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Hoffmann, R. A wiki for the life sciences where authorship matters. Nature Genetics (2008)
 
 
 
 
 

Mos/mitogen-activated protein kinase can induce early meiotic phenotypes in the absence of maturation-promoting factor: a novel system for analyzing spindle formation during meiosis I.

Mitogen-activated protein kinase ( MAPK) is selectively activated by injecting either mos or MAPK kinase (mek) RNA into immature mouse oocytes maintained in the phosphodiesterase inhibitor 3-isobutyl-1-methylxanthine (IBMX). IBMX arrests oocyte maturation, but Mos (or MEK) overexpression overrides this block. Under these conditions, meiosis I is significantly prolonged, and MAPK becomes fully activated in the absence of p34cdc2 kinase or maturation-promoting factor. In these oocytes, large openings form in the germinal vesicle adjacent to condensing chromatin, and microtubule arrays, which stain for both MAPK and centrosomal proteins, nucleate from these regions. Maturation-promoting factor activation occurs later, concomitant with germinal vesicle breakdown, the contraction of the microtubule arrays into a precursor of the spindle, and the redistribution of the centrosomal proteins into the newly forming spindle poles. These studies define important new functions for the Mos/ MAPK cascade in mouse oocyte maturation and, under these conditions, reveal novel detail of the early stages of oocyte meiosis I.[1]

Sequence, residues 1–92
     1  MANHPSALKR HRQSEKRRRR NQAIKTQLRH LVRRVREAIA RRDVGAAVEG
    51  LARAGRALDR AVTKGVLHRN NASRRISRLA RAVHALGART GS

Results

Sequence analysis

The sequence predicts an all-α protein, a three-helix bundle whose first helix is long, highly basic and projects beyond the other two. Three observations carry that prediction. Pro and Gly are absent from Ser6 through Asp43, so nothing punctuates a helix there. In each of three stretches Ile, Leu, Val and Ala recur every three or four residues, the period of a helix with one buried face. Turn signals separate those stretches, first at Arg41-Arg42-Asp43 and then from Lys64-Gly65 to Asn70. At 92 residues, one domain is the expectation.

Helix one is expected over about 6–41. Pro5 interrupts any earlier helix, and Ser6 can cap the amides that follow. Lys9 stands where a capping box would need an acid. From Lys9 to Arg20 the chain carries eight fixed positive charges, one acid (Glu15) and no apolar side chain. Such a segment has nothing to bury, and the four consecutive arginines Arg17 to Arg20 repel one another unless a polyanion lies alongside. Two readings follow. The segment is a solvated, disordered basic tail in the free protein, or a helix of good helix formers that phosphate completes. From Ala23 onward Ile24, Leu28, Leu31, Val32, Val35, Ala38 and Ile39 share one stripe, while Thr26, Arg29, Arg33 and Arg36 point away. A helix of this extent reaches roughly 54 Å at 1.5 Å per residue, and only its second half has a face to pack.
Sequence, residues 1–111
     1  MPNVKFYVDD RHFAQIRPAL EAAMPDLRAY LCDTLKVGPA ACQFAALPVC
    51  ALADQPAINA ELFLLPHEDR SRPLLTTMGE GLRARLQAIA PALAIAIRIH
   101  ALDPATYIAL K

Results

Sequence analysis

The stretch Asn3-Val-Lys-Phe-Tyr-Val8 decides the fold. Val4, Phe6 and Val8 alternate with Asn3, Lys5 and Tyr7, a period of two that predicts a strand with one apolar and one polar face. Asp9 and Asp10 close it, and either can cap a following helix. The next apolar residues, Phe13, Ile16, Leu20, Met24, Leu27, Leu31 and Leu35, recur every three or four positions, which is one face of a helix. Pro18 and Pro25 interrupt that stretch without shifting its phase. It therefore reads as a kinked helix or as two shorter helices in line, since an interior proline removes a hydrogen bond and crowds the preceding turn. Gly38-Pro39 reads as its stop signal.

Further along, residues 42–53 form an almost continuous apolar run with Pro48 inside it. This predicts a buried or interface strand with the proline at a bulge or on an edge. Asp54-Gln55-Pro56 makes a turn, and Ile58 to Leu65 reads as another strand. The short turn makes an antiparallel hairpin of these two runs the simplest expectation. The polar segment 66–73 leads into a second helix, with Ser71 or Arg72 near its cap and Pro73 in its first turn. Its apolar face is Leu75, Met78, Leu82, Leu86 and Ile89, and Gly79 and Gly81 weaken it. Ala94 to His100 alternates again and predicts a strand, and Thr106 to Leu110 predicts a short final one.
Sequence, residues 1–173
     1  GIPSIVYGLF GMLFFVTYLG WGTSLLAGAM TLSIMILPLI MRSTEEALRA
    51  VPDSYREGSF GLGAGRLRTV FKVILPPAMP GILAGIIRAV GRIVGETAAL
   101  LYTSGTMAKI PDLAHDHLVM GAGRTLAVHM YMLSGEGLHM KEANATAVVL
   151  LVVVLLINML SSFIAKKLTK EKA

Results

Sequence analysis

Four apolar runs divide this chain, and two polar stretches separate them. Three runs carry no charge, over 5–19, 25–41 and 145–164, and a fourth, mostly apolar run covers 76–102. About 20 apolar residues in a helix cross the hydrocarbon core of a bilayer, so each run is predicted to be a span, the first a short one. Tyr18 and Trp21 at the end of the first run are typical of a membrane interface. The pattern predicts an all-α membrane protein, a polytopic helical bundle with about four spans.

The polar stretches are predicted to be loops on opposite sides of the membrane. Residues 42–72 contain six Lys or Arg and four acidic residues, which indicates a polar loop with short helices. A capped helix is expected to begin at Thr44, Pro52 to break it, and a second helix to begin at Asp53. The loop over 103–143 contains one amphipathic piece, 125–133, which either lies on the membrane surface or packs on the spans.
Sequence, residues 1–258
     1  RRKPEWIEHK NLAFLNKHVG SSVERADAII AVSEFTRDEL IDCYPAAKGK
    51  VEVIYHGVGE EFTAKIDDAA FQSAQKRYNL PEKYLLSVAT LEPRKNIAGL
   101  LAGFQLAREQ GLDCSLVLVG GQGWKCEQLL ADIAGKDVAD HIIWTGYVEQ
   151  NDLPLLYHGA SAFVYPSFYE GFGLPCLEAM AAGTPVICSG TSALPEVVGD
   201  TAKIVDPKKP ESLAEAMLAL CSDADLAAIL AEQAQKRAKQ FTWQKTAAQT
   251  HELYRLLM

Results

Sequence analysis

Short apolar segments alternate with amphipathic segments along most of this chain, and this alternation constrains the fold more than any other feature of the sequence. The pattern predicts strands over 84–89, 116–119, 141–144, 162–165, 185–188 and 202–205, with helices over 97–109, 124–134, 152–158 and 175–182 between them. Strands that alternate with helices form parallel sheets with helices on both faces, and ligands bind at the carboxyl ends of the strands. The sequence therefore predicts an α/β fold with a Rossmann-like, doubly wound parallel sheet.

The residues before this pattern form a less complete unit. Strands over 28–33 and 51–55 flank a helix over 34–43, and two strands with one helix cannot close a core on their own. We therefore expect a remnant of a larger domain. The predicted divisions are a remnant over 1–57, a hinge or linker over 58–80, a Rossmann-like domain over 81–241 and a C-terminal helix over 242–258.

References

  1. Mos/mitogen-activated protein kinase can induce early meiotic phenotypes in the absence of maturation-promoting factor: a novel system for analyzing spindle formation during meiosis I. Choi, T., Rulong, S., Resau, J., Fukasawa, K., Matten, W., Kuriyama, R., Mansour, S., Ahn, N., Vande Woude, G.F. Proc. Natl. Acad. Sci. U.S.A. (1996) [Pubmed]
 
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